This early 20th century brimless hat shape is known as a toque. HM Queen Elizabeth’s grand-mother, Queen Mary, was well-known for wearing this style of hat long after it had gone out of fashion. It added to her height and imposing appearance. Toque styles were often based on turban-like headwear derived from Turkish and Persian dress. The French couturier Paul Poiret often used ornamented toques and turbans as accessories to his Middle Eastern inspired designs. This toque is trimmed with dyed ostrich feathers and may have been renovated by the wearer. It is made from a devoré silk velvet, trimmed with a plain band of velvet folded to pick up the colour in the floral pattern. Devoré textiles (literally ‘devoured’) are produced by deliberately dissolving away the pile of velvet fabrics to leave a raised decoration on a plain ground. This decorative technique was very popular in the 1920s and 1930s, and revived to some extent in the 1990s.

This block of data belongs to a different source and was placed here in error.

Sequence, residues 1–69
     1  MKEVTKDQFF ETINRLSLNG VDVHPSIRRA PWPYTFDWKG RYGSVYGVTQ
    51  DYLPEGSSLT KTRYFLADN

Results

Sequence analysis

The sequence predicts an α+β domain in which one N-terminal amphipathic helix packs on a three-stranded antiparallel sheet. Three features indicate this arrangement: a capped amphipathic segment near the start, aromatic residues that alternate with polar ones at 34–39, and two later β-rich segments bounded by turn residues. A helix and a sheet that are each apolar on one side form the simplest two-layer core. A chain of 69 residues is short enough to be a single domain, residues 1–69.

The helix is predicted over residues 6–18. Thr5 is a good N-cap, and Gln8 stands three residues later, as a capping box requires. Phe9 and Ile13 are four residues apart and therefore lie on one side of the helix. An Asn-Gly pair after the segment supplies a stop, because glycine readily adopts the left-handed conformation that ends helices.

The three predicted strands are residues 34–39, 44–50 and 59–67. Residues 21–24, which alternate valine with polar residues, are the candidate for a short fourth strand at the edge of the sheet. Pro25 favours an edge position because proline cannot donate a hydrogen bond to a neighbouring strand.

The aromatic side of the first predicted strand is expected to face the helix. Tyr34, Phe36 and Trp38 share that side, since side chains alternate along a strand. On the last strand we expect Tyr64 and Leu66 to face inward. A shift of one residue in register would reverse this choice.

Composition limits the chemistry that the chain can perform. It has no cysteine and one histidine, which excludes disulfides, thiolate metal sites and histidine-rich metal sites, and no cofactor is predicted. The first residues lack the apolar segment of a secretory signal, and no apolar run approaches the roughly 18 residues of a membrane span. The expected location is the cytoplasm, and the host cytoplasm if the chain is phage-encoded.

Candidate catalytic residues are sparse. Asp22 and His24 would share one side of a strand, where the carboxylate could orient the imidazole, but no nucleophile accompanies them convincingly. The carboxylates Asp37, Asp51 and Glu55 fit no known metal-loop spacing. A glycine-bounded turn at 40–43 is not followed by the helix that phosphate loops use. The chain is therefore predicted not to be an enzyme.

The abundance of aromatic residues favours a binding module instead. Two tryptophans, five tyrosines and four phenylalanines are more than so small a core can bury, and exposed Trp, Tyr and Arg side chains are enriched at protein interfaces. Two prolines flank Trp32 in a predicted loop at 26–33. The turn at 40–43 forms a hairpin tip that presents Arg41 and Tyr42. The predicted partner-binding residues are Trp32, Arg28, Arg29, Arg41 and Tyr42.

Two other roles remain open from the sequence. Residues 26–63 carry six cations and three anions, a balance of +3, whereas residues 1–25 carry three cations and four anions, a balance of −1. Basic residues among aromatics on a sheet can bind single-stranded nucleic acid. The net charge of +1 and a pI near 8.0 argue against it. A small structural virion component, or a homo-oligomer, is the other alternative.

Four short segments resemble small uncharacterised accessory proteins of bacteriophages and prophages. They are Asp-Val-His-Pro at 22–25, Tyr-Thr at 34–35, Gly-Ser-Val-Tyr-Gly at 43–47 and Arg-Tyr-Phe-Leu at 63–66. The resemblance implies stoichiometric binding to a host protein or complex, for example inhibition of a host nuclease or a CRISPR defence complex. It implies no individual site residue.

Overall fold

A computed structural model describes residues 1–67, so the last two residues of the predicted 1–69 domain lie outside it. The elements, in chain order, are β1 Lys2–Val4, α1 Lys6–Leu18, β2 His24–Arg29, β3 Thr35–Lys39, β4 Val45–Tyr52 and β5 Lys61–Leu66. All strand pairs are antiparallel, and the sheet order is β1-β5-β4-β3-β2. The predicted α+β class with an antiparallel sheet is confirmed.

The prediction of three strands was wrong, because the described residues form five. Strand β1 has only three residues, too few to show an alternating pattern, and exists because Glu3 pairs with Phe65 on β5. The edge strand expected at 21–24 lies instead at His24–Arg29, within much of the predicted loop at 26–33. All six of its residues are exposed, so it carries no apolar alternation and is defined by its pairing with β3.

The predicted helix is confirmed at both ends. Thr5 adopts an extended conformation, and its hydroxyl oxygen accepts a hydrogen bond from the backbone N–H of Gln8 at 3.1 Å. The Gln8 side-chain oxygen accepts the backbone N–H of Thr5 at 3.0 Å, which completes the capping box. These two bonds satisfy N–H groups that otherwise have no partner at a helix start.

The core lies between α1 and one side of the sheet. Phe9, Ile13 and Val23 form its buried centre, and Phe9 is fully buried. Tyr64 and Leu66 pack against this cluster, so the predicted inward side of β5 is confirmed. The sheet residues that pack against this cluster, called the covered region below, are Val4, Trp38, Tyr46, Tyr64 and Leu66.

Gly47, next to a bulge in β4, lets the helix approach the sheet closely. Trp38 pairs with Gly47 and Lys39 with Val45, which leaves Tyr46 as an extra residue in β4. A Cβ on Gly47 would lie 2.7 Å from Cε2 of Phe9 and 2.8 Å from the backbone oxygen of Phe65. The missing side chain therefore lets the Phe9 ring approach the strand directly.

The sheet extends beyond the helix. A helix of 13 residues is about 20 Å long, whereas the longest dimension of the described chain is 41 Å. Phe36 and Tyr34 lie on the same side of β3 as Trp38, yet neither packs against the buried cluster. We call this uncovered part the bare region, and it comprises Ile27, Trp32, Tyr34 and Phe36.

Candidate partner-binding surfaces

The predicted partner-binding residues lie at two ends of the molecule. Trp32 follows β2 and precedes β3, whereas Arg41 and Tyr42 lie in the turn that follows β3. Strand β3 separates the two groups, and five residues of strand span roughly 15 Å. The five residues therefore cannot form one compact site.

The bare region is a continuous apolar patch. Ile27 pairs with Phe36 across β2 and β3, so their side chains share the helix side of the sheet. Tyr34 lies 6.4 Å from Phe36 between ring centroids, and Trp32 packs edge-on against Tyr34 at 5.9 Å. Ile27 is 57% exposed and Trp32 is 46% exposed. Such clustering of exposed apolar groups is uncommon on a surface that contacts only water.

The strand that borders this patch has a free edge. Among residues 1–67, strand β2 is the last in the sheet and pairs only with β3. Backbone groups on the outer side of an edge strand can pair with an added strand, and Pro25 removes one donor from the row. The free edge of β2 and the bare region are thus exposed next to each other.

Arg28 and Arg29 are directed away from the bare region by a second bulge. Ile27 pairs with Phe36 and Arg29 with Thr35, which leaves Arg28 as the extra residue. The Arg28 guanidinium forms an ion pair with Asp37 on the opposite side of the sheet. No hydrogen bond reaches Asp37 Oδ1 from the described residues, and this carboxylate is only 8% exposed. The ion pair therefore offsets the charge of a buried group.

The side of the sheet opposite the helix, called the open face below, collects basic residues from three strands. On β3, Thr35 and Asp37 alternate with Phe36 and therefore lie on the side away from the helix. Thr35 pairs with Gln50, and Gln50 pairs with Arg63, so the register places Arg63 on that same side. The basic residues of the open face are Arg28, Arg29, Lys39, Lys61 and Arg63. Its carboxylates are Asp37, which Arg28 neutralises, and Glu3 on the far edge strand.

Object Summary

Accession Loan No.
Decorative Art
Collection Class
Clothing and accessories
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toque (brimless hat)